So certainly there are stereotypes and prejudices and doubts that employers may have. And we can’t wish that away. However if you still have value – business value – skills that you can use to benefit a business, then someone, somewhere will give you an opportunity.

If you follow the basic recipe I outlined in my e-mail earlier today, then with persistence you can succeed in finding work. You may have to adjust your expectations, you may have to be flexible, you may need to develop a new skill or two. But if you focus on offering employers what they need, you will find someone who offers you an opportunity.

Do not however think that employment agencies will help you. They won’t.

Don’t judge the job market based on the response you get from them!

Also, don’t think that you’ll be successful answering job ads either in newspapers or online. You likely won’t. Although one exception may be using the likes for Gumtree to both find job ads from local businesses and to advertise yourself.

Start where you are:

  • Define exactly how you can be valuable to a business, what skills can you employ to help them, what do they need that you have?
  • Then target local businesses, visit them every 2 weeks to offer what you have, be boldly persistent. If you’re healthy, well spoken, are “together” then word will spread.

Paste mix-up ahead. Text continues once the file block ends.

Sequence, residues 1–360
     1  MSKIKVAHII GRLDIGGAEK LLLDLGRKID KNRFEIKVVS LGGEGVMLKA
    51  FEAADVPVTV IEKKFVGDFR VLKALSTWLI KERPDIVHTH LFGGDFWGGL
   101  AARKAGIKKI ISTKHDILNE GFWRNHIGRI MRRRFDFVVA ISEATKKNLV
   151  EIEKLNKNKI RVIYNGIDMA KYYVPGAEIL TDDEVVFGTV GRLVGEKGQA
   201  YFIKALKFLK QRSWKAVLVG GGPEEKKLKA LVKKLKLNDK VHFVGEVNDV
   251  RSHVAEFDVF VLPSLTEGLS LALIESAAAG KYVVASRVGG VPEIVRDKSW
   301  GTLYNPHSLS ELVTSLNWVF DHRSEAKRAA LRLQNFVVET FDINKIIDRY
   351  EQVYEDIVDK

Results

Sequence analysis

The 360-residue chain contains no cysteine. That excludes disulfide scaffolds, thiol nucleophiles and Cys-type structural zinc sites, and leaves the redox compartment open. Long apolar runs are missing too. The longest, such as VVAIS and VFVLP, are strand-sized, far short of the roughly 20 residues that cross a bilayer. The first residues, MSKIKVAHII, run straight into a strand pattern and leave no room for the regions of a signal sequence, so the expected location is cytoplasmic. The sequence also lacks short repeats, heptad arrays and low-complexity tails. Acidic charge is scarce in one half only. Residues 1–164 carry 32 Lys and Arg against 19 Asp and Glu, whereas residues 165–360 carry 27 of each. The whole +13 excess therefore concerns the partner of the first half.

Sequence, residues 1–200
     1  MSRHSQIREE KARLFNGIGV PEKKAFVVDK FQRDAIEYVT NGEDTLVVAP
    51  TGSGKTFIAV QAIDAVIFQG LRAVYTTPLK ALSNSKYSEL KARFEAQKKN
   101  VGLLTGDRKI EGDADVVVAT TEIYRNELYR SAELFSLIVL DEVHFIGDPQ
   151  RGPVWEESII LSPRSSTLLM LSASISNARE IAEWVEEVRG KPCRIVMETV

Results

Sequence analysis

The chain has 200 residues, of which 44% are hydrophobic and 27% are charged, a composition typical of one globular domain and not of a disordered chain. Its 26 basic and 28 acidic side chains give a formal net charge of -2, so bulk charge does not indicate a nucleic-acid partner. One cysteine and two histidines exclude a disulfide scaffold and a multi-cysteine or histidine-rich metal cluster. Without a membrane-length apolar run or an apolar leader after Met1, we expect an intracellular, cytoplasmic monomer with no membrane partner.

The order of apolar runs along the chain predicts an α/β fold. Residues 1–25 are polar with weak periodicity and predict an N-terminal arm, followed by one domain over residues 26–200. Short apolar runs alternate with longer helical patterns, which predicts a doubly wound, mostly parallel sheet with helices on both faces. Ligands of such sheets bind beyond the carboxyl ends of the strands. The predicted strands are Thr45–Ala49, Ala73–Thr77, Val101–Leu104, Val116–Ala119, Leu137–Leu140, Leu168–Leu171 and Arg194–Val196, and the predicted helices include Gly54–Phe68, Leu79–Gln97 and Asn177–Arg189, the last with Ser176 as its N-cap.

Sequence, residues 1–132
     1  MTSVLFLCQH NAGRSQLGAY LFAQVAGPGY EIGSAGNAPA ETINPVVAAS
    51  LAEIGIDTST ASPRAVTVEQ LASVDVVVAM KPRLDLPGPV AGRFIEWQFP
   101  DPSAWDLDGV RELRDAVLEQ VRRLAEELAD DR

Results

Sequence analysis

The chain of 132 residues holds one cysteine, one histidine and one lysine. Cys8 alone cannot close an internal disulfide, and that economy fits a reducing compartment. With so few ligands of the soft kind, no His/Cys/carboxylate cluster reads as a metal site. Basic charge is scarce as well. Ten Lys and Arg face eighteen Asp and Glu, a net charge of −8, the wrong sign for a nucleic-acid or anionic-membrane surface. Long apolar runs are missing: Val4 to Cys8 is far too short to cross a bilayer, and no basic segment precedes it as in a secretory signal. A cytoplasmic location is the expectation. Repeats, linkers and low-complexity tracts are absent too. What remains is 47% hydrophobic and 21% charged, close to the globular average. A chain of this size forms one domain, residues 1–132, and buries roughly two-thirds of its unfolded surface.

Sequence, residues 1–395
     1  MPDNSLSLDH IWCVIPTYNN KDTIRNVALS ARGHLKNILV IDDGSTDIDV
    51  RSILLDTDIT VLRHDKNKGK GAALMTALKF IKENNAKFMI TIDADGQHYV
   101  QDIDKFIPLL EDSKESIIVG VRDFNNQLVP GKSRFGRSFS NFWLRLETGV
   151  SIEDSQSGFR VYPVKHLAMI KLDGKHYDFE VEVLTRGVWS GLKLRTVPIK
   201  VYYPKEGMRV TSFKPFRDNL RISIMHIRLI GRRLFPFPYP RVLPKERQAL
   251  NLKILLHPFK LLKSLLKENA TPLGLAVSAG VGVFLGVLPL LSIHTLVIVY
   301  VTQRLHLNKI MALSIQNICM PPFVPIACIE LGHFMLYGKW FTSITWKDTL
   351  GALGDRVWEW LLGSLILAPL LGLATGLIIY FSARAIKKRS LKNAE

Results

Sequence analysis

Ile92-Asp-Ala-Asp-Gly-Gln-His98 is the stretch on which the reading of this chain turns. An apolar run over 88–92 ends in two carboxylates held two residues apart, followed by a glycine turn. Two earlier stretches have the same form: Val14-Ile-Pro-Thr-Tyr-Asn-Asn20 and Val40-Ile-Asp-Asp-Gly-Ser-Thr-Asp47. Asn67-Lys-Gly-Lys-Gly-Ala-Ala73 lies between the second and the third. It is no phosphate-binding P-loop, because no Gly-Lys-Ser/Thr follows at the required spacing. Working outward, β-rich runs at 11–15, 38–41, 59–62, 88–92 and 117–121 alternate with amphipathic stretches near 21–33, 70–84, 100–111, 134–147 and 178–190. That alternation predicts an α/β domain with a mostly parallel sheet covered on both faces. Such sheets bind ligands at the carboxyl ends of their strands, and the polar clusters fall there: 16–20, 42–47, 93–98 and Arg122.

• Network amongst your friends and neighbours. Are you a member of any associations or clubs? Network with them, explain what you’re looking for and what benefits you have to offer.
  • If you read about business personalities in the local newspaper, pay them a visit – repeatedly – and explain how you think you can offer their business some skill and benefit.
  • Look after yourself physically, keep fit. Read a lot – keep up-to-date with technology as far as you can (there are many free courses on the internet).

If you persist with this kind of positive approach … your results will be guaranteed.

Hope this helps! Keep in touch. I’d love to hear how you’re fairing.

How to Overcome the “Too Old” Stereotype in Your CV

Got a mail from “M”. She was frustrated. Angry. Threatening to … actually here are her words:

I need to see you; if I get told I’m too old again I’ll murder someone!